HEALTHCARE systems in the EU require adaptation and rethinking to ensure they can provide patient-centred care in the context of current pressures. This is according to the 28 Country Health Profiles and Companion Report published by the European Commission, which provides a context-sensitive, comprehensive analysis previously thought to be lacking.
Issues such as financial pressures, migration, modern technology, and an ageing population have brought about new challenges to healthcare; in this environment, the analysis looked at the health of the population and important risk factors in addition to the efficacy of health systems in the EU over a 2-year period.
The Companion report identified five areas in which improvements need to be made:
- Greater emphasis on disease prevention: while 80% of health budgets were spent on treating disease, just 3% was aimed at prevention, an imbalance that needs to be addressed. Additionally, the report highlights that socially-disadvantaged individuals are less likely to engage in behaviours that can prevent disease, such as physical activity and cancer screening.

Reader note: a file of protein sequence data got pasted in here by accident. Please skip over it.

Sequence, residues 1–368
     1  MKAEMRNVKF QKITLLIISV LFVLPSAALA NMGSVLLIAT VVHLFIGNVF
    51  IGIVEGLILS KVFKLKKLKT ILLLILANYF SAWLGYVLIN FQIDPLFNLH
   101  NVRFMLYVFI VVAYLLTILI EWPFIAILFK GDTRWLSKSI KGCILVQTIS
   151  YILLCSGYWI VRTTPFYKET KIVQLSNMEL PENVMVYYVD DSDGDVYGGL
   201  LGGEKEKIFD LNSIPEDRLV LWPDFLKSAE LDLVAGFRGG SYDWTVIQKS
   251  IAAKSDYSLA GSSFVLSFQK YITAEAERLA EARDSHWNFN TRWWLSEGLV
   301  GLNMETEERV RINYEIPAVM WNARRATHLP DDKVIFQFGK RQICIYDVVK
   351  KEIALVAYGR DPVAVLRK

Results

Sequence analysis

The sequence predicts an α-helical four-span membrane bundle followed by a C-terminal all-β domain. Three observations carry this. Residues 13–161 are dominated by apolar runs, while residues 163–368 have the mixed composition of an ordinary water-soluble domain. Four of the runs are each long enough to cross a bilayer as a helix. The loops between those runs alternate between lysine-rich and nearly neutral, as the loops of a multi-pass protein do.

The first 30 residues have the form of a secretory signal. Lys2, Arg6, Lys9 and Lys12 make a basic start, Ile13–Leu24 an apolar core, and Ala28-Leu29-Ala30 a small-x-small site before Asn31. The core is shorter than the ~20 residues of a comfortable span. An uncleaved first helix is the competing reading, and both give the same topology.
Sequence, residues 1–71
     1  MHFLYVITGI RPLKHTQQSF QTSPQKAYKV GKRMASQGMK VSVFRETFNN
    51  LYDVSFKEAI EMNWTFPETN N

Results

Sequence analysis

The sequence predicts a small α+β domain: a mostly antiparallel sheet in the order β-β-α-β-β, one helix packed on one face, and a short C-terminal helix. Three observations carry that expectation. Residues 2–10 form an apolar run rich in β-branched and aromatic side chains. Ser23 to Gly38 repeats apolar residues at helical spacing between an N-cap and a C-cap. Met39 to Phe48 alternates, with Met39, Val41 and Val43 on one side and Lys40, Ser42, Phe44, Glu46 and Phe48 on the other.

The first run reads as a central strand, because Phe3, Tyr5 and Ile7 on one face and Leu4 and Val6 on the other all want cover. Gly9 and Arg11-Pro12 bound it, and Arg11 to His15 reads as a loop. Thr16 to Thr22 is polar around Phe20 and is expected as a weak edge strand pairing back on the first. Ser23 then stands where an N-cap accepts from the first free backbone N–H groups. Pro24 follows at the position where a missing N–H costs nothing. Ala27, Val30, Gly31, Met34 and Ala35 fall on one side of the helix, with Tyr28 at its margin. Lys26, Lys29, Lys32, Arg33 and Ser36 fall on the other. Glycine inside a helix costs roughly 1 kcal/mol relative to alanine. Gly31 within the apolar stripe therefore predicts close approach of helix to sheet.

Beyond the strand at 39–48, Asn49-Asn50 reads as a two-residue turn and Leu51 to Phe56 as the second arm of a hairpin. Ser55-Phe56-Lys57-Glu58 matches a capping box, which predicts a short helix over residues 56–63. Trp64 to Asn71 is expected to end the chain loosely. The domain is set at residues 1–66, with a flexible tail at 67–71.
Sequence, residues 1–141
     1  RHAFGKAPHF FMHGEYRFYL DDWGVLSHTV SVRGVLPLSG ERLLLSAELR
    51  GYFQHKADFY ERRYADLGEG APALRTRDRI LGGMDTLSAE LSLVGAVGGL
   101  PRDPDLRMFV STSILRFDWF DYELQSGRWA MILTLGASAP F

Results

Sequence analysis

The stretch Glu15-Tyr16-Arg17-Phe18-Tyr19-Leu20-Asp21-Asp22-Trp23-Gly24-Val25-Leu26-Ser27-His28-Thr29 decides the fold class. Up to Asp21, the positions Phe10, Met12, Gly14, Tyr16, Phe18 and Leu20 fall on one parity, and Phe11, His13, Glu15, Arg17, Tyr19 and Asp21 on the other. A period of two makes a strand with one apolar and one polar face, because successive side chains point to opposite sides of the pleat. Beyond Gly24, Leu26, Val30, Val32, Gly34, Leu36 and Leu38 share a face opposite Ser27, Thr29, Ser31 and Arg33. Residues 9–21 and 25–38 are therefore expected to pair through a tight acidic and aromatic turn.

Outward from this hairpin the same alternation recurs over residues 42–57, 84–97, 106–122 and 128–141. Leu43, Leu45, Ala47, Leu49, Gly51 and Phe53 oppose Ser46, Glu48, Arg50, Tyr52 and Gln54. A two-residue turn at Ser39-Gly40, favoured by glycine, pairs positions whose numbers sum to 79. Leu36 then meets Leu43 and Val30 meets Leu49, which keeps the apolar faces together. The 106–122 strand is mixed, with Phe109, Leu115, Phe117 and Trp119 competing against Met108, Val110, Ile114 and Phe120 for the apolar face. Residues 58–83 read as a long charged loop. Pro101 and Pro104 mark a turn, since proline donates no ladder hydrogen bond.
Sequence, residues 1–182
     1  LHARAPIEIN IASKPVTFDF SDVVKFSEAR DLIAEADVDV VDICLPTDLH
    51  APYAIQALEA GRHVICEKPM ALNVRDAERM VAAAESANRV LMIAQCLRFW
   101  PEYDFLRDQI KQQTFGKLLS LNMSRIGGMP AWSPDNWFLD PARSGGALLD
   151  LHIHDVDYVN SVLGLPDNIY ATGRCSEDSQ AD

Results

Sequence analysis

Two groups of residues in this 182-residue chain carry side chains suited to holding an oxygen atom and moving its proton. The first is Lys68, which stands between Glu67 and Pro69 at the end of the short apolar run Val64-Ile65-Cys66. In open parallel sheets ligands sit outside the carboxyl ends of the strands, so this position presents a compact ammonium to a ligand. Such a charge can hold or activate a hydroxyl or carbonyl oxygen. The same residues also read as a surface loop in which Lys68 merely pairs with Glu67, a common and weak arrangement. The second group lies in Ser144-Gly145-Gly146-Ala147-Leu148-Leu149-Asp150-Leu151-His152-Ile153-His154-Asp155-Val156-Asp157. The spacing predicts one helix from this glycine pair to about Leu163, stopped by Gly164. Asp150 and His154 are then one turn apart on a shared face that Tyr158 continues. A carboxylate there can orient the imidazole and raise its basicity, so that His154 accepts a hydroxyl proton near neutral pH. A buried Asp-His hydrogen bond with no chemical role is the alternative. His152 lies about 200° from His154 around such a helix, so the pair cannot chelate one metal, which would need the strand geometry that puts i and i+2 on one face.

- Improving primary care to avoid wasteful spending: among other worrying statistics, 27% of visits to an emergency department were found to be caused by inadequate primary care.
- Ensuring a more joined-up approach to care: most health systems were shown as fragmented and complicated for the patient to use.
- Proactive workforce planning: policy makers need to ensure that the growing number of healthcare workers in the EU can cope with future trends like an ageing population and multimorbidity through improved recruitment practices, new skills, and utilising technical innovation.
- Ensuring a patient-centred approach to health data: experiences of patients should be at the heart of new health data improved by digital technology, helping enhance the effectiveness of health systems.
Vytenis Andriukaitis, Commissioner for Health and Food Safety, stated: “By offering comprehensive data and insights, we aim to support national health authorities in tackling the challenges and in making the right policy and investment choices. I hope they will make good use of it.”
Voluntary exchanges and responses between national authorities will be able to take place from the start of 2018 to begin the development of appropriate policy responses to the findings.
James Coker, Senior Editorial Assistant